Lake Ave. Retailers Glad To Have Macy’s Back
Pasadena Star News, Posted: 12/02/08 08:05:44 PM PST
PASADENA – The revitalization of Macy’s on Lake Avenue has nearby businesses breathing a little easier these days.
The revamped Macy’s re-opened on Nov. 22, after seven months and more than $15 million worth of restoration and retrofitting.
But the closing didn’t come without concern on Lake Avenue, where several businesses rely on the foot traffic that Macy’s attracts to the area.
Many thought the vintage store, with its 61-year-old building, was closing for good. And others nearby were concerned that the closure, even if temporary, would affect business.
It was enough to have business leaders in the area getting the word out – even knocking on doors – to let merchants know that the closing was only temporary.
Gary Hindoyan, owner of Burger Continental, a restaurant in the 500 block of South Lake, is glad to see the revamped Macy’s open.
“We saw a drop (in business) of about 10 percent,” he said.
But now that it’s re-opened, he’s seen a gradual uptick.
“Now that it’s open again, we hope that more people will come to Pasadena and South Lake,” he said.
The walk-in customer traffic is good for businesses such as Borders bookstore and Cold Stone Creamery.
They draw from shoppers who might have purchased something at Macy’s, but slide over to Lake Avenue for a book or a snack, said Paul Little, president and CEO of the Pasadena Chamber of Commerce.
Merchants who rely on that impulse traffic, particularly in a down economy, are breathing a sigh of relief after the opening, he said.
“That relieved several people,” he said. “Macy’s being the anchor tenant and a tremendous draw for customers on the street … there was anxiety and concern among retailers and restaurants that in the interim that there would be some big changes. I think they saw some of that. They saw less foot traffic.”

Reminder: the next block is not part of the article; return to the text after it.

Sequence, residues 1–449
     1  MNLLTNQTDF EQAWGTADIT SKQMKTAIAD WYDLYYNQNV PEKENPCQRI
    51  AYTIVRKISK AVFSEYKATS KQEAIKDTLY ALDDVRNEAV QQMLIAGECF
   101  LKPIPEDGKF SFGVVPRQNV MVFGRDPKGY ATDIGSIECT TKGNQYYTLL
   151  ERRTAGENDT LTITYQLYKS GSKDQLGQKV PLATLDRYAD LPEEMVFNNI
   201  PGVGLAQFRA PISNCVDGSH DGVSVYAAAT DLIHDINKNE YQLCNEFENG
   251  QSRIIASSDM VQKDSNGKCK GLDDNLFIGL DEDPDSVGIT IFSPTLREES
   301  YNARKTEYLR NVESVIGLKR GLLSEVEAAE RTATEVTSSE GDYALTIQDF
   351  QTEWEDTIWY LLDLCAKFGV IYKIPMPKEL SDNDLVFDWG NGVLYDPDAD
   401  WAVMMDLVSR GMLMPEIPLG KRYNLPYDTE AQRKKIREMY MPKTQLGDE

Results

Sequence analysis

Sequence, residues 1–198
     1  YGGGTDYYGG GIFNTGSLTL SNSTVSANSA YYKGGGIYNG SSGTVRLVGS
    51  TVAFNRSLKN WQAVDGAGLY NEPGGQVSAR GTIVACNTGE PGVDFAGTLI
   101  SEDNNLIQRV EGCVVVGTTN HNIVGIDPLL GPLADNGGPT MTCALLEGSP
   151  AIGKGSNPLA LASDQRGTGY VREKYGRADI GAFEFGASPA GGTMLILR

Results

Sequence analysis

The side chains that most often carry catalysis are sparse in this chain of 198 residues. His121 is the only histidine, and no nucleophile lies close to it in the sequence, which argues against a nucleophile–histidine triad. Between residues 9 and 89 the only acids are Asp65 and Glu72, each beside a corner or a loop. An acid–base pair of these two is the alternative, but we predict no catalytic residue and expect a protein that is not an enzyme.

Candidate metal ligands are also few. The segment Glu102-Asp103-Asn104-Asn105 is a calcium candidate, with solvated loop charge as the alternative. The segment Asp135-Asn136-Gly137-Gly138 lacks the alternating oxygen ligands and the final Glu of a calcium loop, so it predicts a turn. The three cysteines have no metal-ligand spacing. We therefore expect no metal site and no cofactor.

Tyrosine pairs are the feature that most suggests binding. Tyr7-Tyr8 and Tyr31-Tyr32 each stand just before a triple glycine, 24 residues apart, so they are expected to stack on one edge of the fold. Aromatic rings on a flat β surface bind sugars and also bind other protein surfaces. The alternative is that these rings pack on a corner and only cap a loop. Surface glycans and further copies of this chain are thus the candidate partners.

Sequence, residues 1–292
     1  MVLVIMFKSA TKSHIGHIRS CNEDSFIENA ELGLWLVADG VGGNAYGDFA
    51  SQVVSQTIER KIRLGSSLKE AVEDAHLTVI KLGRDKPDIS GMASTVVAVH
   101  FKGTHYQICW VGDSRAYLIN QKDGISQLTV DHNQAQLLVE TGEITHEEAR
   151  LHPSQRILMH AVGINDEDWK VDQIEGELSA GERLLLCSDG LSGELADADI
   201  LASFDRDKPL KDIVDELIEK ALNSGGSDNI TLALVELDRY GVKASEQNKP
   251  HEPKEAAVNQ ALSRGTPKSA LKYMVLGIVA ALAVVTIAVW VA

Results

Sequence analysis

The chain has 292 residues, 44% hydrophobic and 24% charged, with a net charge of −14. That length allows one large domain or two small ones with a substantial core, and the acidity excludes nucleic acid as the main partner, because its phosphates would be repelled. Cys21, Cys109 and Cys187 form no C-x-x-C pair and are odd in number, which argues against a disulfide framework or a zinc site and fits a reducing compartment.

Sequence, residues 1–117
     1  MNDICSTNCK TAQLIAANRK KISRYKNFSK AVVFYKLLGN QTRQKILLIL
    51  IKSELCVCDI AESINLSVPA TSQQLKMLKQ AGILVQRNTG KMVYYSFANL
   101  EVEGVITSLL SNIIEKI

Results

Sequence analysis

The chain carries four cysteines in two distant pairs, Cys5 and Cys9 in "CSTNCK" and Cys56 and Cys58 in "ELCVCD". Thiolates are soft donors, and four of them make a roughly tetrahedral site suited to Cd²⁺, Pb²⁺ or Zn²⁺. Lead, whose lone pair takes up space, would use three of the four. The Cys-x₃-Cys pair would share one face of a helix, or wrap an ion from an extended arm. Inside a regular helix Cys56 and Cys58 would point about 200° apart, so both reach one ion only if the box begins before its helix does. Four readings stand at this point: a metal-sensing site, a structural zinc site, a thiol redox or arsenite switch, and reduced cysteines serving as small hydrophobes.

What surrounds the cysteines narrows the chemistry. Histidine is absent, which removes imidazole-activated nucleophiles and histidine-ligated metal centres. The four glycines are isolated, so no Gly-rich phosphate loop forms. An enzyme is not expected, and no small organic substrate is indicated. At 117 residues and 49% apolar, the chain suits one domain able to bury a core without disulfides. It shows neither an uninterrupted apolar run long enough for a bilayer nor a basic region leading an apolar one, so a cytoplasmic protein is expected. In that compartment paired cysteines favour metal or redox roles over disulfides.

That was not a surprise to Del Hernandez, vice president and store manger of Macy’s Pasadena.
“Clearly, when you take a major retailer out of the heart of a business district, there’s going to be an impact,” Hernandez said.
But the re-opening, he said, has drawn not only past customers but new ones, who are getting out onto Lake Avenue to patronize businesses there.
It works the other way too, Little said.
“I don’t think it’s Macy’s’ responsibility to ensure everybody is successful, but it’s one of those synergy things,” Little said, adding that if Macys’ was by itself on Lake Avenue, it likely wouldn’t be as successful.
Aside from Macy’s, business leaders on the avenue hope that a three-phase, $1.1-million landscaping, irrigation and lighting project will help bring even more traffic once it’s completed.
That project, which is nearing completion of its first phase, compounded local concern because “people would not visit because of the construction,” Hindoyan said.
But the strength of the South Lake Avenue Business District – which encompasses more than 700 businesses bordered by Colorado Boulevard to the north, California Avenue to the south, and Mentor and Hudson avenues to the east and west – is its diversity of businesses, said Gina Tleel, executive director of the South Lake Avenue Business District.
There are businesses that don’t rely on impulse walk-in traffic for their business, she said.
Still, despite being in a recession, the Macy’s revamp is a positive signal for the district and its future, Tleel said.
“They invested time and over $15 million on renovation,” she said. “That sends a positive message that they are here … and here to stay.”